Cathedral & Church Sustainability Review: to report “this year”

The review of the sustainability of current funding arrangements for the repair of historic Anglican cathedrals and churches is to report “before the end of the year” – that is, within the next two weeks, says Junior Culture Minister John Glen.

Speaking at the Heritage Alliance conference on 5th December, he added that the review was putting the final touches to its long-awaited report.

The review was set up early in 2016 by the former Chancellor, George Osborne, who had previously been instrumental is setting aside funds for the repair of places of worship.

The Church of England alone has some 12,000 listed churches, including 45% of all Grade 1 listed buildings.

The review panel, chaired by Bernard Taylor, carried out a consultation in late 2016 but the publication of any report has been repeatedly delayed.  Other factors such as the sudden announcement by the Heritage Lottery Fund in March 2017 of the merger of its repair schemes for churches with its “open” grant schemes, and in November 2017 of  major cuts in its grants overall, will have complicated its deliberations.

There has also been criticism of the decision to confine the review to Anglican churches and cathedrals.  Other faiths and denominations face equal or greater challenges in keeping their buildings in serviceable condition.  The hope appears to be that the review will inspire solutions for other faiths and denominations.

Heritage Funding Cuts may force re-think of Britain’s Conservation Nonsense


Sweeping cuts to the Heritage Lottery Fund’s grant programmes have recently been announced, largely caused by falling sales of national lottery tickets.

The cuts will cause widespread alarm in the sector – but may yet force a much-needed re-think of the strategic nonsense at the heart of Britain’s building conservation movement.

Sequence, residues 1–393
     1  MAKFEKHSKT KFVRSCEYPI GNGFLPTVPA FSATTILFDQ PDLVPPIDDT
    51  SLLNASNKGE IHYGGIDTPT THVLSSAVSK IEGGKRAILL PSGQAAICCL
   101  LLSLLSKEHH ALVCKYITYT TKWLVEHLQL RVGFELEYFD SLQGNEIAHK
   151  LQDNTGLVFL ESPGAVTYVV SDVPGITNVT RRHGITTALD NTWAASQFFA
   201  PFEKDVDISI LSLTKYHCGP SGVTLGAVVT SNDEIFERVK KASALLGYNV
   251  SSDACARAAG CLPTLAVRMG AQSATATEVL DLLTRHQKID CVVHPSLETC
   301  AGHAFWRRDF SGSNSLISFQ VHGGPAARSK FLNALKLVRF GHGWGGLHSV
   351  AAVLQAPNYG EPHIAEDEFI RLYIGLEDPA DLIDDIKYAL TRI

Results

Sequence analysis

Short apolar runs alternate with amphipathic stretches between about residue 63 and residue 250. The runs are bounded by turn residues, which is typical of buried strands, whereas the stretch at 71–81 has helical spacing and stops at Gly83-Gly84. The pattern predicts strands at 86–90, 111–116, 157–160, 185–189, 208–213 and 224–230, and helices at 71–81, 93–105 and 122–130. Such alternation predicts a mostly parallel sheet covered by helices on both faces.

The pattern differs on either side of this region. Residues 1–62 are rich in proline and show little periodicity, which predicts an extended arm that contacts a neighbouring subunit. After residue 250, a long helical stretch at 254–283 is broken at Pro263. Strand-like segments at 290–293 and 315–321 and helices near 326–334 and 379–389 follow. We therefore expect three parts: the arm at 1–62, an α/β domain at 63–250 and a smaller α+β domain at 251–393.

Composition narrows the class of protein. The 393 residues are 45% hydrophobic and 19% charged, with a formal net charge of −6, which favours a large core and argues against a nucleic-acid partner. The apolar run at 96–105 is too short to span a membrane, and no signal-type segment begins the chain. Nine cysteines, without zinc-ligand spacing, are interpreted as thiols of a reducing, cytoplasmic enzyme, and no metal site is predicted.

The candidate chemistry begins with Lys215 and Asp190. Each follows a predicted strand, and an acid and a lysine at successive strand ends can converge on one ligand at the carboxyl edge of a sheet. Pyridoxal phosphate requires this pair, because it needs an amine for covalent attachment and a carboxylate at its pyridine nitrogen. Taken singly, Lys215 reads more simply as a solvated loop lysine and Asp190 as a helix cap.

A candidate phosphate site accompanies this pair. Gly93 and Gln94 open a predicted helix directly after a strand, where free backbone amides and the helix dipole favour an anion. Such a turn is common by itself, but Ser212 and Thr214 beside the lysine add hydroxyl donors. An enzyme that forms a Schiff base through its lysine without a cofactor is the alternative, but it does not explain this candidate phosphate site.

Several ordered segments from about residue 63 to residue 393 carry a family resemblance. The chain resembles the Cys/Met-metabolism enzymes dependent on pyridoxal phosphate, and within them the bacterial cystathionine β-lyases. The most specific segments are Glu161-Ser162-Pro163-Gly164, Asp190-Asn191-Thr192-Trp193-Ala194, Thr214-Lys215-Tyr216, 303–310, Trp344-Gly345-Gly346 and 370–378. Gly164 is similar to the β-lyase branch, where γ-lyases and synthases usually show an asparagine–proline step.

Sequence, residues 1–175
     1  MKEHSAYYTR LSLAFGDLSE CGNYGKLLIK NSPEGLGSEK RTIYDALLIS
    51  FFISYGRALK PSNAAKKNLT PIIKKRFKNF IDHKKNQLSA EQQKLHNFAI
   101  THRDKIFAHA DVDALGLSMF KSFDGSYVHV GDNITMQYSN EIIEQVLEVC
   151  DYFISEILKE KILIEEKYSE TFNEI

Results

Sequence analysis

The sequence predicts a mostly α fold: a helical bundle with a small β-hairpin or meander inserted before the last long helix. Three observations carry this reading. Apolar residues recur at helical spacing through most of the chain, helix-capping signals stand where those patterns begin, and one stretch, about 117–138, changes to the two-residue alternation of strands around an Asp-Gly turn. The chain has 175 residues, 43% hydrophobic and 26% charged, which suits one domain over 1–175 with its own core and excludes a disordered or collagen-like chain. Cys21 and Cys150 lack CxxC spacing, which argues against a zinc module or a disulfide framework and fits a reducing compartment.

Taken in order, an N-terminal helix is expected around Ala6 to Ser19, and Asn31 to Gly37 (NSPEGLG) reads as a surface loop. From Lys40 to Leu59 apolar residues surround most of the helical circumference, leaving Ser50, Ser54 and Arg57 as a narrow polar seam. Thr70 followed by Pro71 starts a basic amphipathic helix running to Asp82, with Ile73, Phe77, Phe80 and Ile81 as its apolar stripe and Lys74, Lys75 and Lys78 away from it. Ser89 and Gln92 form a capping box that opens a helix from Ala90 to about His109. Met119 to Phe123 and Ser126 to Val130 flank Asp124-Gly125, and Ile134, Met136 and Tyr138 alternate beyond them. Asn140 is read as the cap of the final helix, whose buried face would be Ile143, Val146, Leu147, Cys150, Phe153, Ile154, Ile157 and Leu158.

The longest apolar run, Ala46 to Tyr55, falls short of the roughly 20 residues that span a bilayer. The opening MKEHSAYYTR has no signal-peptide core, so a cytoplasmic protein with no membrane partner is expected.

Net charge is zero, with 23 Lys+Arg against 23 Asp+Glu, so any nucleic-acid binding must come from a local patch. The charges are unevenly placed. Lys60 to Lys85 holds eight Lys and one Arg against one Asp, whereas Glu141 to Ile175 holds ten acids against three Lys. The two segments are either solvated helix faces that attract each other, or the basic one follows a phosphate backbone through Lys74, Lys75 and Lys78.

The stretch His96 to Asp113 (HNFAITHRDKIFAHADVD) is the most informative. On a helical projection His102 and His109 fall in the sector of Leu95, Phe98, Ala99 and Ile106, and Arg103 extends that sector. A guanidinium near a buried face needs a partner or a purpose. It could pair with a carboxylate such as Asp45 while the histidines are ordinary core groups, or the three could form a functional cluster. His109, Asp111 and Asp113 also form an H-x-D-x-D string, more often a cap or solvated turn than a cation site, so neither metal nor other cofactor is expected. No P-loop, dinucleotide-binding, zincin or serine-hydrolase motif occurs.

HLF’s grant budgets peaked in 2016/17 at £435M, but have fallen to £190M in the current year 2017/18 and will fall again to £135M in 2018/19.

The cuts affect, in particular, the biggest grants (over £5M) for the largest conservation projects, for which there will be no money at all in 2019.

Specialised grant programmes such as those for urban parks and townscape heritage initiatives are being telescoped into its other “open” programmes and will hence have to compete with many other applications for the reduced funding available.

Funding for church repairs will fall from £20M in 2018/19 to £13.5M in 2019/20.

HLF Strategy: Time for Change

The announcement coincides with the start in the New Year of HLF’s consultation programme on its new strategy for the years 2019-2024.

In Maintain’s view, the building conservation movement in the UK has become dangerously focussed on the rescue of tiny numbers of neglected buildings at extravagant, and often HLF-funded, expense, while many of the rest are left to rot.

Maintenance – both of existing fabric, and existing uses – has been largely or totally excluded from the ambit of official grant schemes. This has created a perverse incentive to skimp on maintenance in the hope that historic buildings are then eligible for repair grants. Some churches have even started actively welcoming being added to the “at risk” registers run by Historic England and its equivalents.

A significant consultancy industry has evolved to help churches and local groups develop the often complex applications HLF and others now require. Many other funding bodies, including the Architectural Heritage Fund, are now largely geared to funding the studies HLF applications require.

The sudden removal of large funding streams will undoubtedly cause serious issues for some major conservation projects. Significant redundancies are likely among these consultants and some architectural practices.

But, coming as it does just before HLF revises its strategy for the 2019-2024, it might – just – be the incentive it needs to reconsider its long-held refusal to fund maintenance.

Britain’s Strategic Heritage Nonsense

Britain now has a daft strategic situation: Historic England has lots of expertise but very limited funds to do anything with it, while HLF has much larger funds but virtually no expertise of its own, being limited to the reactive processing of applications for grants, and subject to strict administration cost controls imposed by the Department for Digital, Culture, Media & Sport.

Maintain will be adding its voice to those, notably at DCMS, who have at last started to realise that Britain’s current conservation arrangements are a strategic nonsense.